You’ll not want to miss these short videos of an eagle in flight, taken with a 1 oz. mini camera mounted right on the bird.
You’ll not want to miss these short videos of an eagle in flight, taken with a 1 oz. mini camera mounted right on the bird.
So, I was shot a link to this NYT article via email.
Let’s see if I get this…2,100 janitors were each paid about $3.50 per hour with no overtime pay, vacation pay, sick pay, or benefits of any sort. They usually worked 7 days a week, during the middle of the night, and often put in 70+ hours per week. Not a one of them was smart enough to know they could have gotten a much better deal at any number of places that pay the federal minimum wage of $5.50 per hour and time-and-a-half for OT (and often with other modest benefits, like vacation time and holidays).
That’s quite a lot of clueless janitors in one place, isn’t it?
Or, is it perhaps just a little bit more plausible that these 2,100 janitors knew their options, and for whatever their reasons, exercised their freedom to stay with the arrangements they had bargained for? Of course, you’ll get no clue as to what it was that caused them to opt the way they did in an NYT article, that’s for sure.
But here’s the sad part about this. You know, there’s almost nothing in the world that I admire or respect more than the immigrant to America (and I could give a rat’s ass about whether it’s "legal" or "illegal," so long as they’re here to see to a dream; honestly). But, I see crap like this, below, and I just shake my head about how someone with the character to make the journey to America in the first place could be turned into such a sniveling excuse for a man.
"I had only three days off in my whole five years there, and that was because I was very sick," Mr. Lopez, 29, an immigrant from Mexico, said. "I really couldn’t do anything, because if I told my boss he was paying me too little, he would just fire me. It’s hard to find another job, and I have to support my mother and younger brothers."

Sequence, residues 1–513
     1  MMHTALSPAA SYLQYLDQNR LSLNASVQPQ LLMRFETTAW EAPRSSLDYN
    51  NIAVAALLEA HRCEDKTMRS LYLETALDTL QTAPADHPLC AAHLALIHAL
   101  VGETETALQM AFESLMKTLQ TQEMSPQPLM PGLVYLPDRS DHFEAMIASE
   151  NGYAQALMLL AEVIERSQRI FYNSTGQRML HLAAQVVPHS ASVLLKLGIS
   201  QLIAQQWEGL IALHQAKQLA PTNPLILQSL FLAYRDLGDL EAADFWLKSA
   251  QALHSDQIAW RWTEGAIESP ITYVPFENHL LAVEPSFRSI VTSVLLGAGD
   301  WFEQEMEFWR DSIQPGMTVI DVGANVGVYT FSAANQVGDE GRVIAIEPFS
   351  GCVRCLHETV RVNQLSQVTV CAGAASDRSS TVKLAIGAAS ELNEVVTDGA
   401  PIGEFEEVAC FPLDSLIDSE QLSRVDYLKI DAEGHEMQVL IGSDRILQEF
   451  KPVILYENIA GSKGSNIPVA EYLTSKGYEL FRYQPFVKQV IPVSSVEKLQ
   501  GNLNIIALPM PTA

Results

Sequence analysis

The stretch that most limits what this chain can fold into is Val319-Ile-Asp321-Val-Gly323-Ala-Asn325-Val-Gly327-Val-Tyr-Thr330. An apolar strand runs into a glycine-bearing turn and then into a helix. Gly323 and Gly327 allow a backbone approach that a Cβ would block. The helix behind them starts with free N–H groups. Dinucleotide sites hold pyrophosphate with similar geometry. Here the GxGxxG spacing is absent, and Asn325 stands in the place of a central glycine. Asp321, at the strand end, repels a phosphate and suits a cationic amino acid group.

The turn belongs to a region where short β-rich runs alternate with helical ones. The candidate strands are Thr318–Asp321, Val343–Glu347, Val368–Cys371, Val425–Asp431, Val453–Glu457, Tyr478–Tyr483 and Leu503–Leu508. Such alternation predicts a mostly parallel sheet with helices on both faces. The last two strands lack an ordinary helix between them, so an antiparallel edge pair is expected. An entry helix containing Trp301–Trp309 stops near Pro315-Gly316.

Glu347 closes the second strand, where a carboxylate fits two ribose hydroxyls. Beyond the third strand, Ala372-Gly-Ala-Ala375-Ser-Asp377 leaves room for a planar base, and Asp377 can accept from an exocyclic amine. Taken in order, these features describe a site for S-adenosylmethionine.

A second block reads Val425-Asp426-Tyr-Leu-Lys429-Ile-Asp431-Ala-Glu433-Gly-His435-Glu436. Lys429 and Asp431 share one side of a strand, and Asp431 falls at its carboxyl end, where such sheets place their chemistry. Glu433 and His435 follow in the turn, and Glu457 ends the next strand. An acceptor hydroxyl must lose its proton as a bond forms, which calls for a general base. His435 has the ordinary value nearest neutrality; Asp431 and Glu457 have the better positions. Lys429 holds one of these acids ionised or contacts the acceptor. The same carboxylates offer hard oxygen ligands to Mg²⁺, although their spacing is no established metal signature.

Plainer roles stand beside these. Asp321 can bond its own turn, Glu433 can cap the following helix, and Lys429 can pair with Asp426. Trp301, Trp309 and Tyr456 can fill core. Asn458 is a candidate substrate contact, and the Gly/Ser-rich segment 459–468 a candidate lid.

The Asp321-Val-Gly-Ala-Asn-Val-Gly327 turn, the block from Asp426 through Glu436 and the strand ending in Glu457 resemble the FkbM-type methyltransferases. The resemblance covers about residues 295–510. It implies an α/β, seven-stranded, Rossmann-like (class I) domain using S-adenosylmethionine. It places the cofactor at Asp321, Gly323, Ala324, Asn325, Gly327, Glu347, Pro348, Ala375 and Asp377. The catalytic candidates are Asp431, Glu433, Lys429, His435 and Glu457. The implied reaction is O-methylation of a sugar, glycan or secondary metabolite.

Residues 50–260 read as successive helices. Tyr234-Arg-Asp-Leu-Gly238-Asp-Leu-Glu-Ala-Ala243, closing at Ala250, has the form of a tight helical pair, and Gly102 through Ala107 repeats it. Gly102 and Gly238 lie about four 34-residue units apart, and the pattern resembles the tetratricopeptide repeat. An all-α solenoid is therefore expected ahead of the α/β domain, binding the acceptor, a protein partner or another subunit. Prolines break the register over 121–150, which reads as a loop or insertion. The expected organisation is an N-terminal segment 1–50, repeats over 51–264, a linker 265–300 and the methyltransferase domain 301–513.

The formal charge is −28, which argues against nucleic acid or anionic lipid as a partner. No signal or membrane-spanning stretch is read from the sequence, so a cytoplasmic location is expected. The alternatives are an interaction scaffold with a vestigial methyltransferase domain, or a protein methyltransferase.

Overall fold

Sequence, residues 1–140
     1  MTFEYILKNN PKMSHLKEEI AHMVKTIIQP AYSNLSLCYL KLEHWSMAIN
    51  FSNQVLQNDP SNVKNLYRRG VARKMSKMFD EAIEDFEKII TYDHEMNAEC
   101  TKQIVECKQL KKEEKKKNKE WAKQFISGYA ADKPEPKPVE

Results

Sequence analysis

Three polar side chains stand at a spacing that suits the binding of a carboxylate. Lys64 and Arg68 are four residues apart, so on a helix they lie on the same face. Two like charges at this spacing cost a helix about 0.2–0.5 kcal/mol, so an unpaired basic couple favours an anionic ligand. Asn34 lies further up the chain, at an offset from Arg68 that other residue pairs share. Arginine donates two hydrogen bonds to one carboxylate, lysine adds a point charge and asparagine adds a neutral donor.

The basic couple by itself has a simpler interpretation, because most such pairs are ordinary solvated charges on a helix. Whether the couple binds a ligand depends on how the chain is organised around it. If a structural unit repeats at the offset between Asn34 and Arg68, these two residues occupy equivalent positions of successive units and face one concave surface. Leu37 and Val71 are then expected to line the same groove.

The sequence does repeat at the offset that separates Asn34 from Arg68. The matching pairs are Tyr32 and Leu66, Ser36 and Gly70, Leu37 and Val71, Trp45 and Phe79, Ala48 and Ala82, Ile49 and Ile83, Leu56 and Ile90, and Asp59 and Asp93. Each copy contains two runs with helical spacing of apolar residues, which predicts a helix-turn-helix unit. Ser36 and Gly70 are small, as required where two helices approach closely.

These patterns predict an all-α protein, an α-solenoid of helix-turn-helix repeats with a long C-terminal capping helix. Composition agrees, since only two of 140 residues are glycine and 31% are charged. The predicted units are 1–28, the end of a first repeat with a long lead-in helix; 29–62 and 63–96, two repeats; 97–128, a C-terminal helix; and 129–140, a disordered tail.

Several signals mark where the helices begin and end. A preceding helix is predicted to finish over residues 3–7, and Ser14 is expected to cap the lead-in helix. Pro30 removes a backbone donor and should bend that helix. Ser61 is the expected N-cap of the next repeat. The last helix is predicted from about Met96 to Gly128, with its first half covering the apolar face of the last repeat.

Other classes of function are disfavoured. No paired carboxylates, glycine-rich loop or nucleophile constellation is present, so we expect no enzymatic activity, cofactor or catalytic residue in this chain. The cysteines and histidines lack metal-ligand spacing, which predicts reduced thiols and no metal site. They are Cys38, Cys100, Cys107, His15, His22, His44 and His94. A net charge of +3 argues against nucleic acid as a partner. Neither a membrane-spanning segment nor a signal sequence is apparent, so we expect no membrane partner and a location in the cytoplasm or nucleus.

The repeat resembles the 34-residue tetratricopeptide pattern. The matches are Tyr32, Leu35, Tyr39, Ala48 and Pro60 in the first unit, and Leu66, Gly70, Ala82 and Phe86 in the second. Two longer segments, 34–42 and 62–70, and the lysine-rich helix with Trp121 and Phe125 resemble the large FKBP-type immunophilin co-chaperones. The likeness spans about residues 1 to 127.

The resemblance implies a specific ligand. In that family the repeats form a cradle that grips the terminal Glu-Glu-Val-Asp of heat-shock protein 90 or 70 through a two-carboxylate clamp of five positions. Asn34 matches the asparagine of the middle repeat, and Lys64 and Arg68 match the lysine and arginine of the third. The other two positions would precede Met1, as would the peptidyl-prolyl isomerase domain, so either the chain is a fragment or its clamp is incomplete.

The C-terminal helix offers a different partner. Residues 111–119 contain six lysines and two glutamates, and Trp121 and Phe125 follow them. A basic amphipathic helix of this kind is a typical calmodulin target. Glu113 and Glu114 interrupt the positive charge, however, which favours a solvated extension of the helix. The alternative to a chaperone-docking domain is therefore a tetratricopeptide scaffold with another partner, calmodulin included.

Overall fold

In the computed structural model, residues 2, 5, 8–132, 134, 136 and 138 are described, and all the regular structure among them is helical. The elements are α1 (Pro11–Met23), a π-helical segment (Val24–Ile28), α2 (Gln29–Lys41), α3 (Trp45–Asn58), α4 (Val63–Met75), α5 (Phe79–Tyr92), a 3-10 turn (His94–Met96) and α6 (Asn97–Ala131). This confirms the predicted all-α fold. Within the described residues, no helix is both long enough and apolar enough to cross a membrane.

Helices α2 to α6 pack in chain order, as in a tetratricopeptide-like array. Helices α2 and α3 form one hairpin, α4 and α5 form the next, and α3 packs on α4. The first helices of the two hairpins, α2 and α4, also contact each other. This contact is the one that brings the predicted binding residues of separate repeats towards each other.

Like other janitors, Mr. Lopez said he was paid in cash, never had taxes withheld and was not given health insurance or vacation days. He said the contractor gave him orders about washing and waxing the floors, but Vons managers often ordered him to clean storage areas and remove empty cartons.
"I felt very bad about how little they paid me," he said. "One comes to this country with dreams, and when you see the reality of things, you see it’s very different from what you expected."
Now that the class-action lawyers, the Mexican American Legal Defense and Educational Fund, and the Service Employees International Union have turned this man and his co-workers into a group of wretched victims with the earned respect of no one anymore, they can turn their attentions to whatever their next task may be.
Then, this: The AARP Declares War on Younger Americans.
That’s too bad, because they might be interested in knowing that one of America’s largest and most effective lobbying organizations has just declared war on them. The AARP has now decided that it’s going to fight any effort by President Bush to privatize, even partially, that debacle known as Social Security.
The time will come, though, when these people who today are preoccupied with the grossly unimportant will suddenly realize that they’ve been robbed blind. For their entire working lives they had 14% of their earnings ripped off as a Social Security "contribution." In time they will find out that if they are actually lucky enough to get any of this money back when they reach the age of about 70 or so, they will have realized a return of less than 2% on their "investment.’
Explanation: Divide the people who have been paying Social Security taxes for the past 40 years into four basic groups. White Males, black males, white females, black females. Statistics will show that of these four demographic groups white females have the longest life expectancy; black males the shortest. In 2002 the life expectancy for a newborn white female was 79.9 years. The life expectancy of a newborn black male was 68.8 years. If you were born after 1960 your Social Security full retirement age is 67. This means that a black male can expect to get Social Security benefits for about two years, while a white female can expect to receive those benefits for almost 13 years. You do the math. even if you went to a government school you can figure out that the average white female will receive Social Security benefits 11 years longer than the average black male. It has been estimated that during his lifetime the average black male will lose about $10,000 in income that will be forcibly transferred to a white woman.
The solution? Privatization! If you own your own account it can’t be taken from you or your family and given to some stranger living in a retirement community in Palm Desert, California. If you have the misfortune to die before the law allows you to start withdrawing retirement benefits from your account the money goes to your family. Isn’t that the way you would want it? Wouldn’t you want that money to be spent to make your spouse or children rather than someone you didn’t know and who might not have even given you the time of day if you had known them during life?